thruoutin

thruoutin: American-born, Chinese-based electronic producer and multi-instrumentalist

thruoutin

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I’m all for the somber glitches and steady beats of thruoutin, an electronic musician with an eclectic discography all worth checking out. My personal favorite is his most recent release, April’s Contingent of Outlying Territory, followed by 2015’s Service.

From Bandcamp:

“This release is about the exploration to new places, whether physical or within our minds. The tracks were written between January to October, 2016. At this time I was finding new ways to approach writing songs; from a technical aspect I was limiting myself to a single sound source for the material. After an idea had been established I would expand upon it with another sound source to build on the original foundation. In this same period, on a physical level, I had moved house twice as well as traveled to new cities in between. With each movement I felt better about my surroundings and more comfortable with these journeys to new places. The album’s sounds narrate an expedition into uncharted territory. Each song is a chapter that takes the listener along on this mission.”

thruoutin: Website Facebook SoundCloud Twitter

Nasty Wizard Recordings

Nasty Wizard Recordings: the diverse sounds of modern pan-Asian shoegaze, all in one compilation

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I think I found a new favorite label – Nasty Wizard Recordings is a Beijing-based label that specializes in a range of noisy and out-there underground music (self-described by the label as “mostly evil music”). Last year they put out a release featuring HN favorites Chinese Football, so you know they’ve got great taste.

The label’s latest release is a collection of songs from some of pan-Asia’s most beloved modern shoegaze bands.

From Bandcamp:

“This May the gnarliest tape label in China, Nasty Wizard Recordings, is back with their first epic release of the year, a pan-Asian compilation of Mainland China, Hong Kong, and Japan’s shoegaze scenes. We’re talking ground zero for the blistering, reverb-drenched genre that has taken the continent by storm over the past few years! Featuring tracks from Hangzhou, Hong Kong, Tokyo, and Xi’an the Asia Shoegaze Compilation Vol. 1 is a must have for anyone looking to get their head lost in the clouds.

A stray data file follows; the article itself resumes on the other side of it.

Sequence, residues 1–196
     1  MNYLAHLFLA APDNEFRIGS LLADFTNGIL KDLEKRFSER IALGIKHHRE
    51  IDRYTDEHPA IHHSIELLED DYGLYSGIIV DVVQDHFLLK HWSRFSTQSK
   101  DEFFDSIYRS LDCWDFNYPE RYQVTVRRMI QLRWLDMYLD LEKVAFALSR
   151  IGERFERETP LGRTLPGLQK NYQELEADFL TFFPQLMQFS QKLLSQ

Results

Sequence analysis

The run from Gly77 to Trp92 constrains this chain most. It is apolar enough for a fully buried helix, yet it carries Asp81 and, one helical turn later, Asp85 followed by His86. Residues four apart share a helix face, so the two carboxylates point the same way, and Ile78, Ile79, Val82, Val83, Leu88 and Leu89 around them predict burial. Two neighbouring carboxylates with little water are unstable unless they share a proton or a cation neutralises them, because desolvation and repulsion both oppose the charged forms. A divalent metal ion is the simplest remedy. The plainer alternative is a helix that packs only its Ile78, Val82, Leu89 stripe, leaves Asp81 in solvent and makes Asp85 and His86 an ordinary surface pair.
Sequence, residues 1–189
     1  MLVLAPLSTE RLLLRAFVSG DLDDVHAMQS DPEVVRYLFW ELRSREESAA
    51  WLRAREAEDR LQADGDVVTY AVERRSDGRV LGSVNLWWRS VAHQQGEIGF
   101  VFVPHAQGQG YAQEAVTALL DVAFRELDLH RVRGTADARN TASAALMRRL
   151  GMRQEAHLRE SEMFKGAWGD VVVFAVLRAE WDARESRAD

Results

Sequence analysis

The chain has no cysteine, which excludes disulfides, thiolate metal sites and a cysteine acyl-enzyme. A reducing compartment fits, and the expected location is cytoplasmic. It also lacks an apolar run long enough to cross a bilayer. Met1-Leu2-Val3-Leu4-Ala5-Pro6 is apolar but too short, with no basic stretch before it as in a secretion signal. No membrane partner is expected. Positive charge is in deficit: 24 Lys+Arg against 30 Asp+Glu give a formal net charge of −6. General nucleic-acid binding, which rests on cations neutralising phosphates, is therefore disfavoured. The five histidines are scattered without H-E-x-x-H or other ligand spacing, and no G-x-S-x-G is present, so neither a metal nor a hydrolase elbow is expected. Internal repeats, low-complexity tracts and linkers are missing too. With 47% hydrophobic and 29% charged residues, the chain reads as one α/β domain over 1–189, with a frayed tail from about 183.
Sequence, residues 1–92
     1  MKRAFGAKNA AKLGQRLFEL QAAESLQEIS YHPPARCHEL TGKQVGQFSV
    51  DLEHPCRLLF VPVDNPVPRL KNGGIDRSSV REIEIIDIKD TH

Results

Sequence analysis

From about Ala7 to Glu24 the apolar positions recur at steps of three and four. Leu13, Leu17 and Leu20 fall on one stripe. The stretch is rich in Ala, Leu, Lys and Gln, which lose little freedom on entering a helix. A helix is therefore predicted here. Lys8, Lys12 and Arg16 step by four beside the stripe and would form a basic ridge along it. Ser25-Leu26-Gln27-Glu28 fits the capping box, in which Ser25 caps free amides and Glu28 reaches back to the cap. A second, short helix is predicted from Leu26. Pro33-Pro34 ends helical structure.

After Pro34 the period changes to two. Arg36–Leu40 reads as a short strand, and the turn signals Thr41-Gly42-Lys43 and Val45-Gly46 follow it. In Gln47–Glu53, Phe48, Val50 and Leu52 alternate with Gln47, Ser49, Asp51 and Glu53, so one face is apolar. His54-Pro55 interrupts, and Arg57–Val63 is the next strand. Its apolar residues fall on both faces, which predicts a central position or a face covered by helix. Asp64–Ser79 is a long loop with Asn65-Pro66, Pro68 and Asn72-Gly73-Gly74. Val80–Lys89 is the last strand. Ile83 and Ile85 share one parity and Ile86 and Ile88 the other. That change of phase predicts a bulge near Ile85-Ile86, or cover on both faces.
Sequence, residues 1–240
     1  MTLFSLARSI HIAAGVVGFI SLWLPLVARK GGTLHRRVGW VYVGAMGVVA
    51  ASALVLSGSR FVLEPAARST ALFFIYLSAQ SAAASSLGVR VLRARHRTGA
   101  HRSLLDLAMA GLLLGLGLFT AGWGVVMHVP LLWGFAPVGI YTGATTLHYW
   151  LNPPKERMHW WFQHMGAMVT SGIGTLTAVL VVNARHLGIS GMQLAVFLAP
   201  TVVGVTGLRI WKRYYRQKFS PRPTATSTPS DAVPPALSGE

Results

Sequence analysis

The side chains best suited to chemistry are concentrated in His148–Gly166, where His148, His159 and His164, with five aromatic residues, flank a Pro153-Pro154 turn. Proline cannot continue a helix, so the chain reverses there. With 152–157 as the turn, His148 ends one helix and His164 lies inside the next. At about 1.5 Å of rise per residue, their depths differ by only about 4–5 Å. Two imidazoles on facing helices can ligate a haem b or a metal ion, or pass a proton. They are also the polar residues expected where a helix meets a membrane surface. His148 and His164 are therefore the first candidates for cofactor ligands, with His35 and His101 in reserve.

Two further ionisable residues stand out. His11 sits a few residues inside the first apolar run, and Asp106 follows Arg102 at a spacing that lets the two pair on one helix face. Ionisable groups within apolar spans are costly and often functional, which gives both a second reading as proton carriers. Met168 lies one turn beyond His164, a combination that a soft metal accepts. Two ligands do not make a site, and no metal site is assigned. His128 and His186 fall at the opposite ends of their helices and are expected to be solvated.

With a love for making destructive noises with their guitars and array of electronic effects, Tokyo’s Oeil has been a constant presence in the Japanese shoegaze scene for over a decade, and while the band has been relatively quiet since their widely popular 2014 EP ‘Myrtle’ we were fortunate enough to have them share two of their latest tracks.

Next up it wouldn’t be a shoegaze comp without a bittersweet farewell. The Pillow Man, a trio out of Hangzhou, otherwise loftily known as ‘Paradise on Earth’ didn’t even make it to two years as a band. However that fleeting, affecting touch is captured brilliantly in the band’s few surviving tunes.

We then head down to the Pearl of the Orient aka. Hong Kong where Sea of Tranquility has been creating dreamy shoegaze pop since 2014. The five-piece, with an abundance of piercing guitar noise and pulsating reverb, continues to convey the starry romance of the genre to ravenous listeners.

Finally, we head to the old Qing Dynasty capital of China where Xi’an’s Endless White resides. The young quartet, fresh off their debut EP, relishes in jangly guitar work, wispy vocals, and sublime walls of sound that engulf the band and enrapture your ears — the perfect closer.

Links below to Hangzhou’s The Pillow Man, Tokyo’s Oeil, Hong Kong’s The Sea of Tranquility, and Xi’an’s Endless White”

Nasty Wizard Recordings: Facebook SoundCloud

The White Tulips

The White Tulips: Chinese noise-pop band’s self-released debut gets a reissue via Qiii Snacks

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Qiii Snacks, one of my favorite labels, is reissuing the White Tulips’ 2015 self-released debut ‘Fondle’, which you can now stream. The White Tulips are from Amoy (also known as Xiamen) and sound like your favorite indie noise-pop band.

The White Tulips/Qiii Snacks: Website Facebook Twitter

Babel Records

Babel Records: because moody Valentine’s Day songs still sound good in March

babel records

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Babel Records is a new Beijing label I’ve begun to keep my eye on, and so far I’ve really liked what I’ve heard. The label’s latest release is a four-track Valentine’s Day compilation that still holds up even though it’s March. My personal favorite is opening track “sweet,sweet tone” by sususu;Cattzim.

From SoundCloud:

“Whether you are lonely, missing, unrequited love or despair
It doesn’t matter, because we’re still before midnight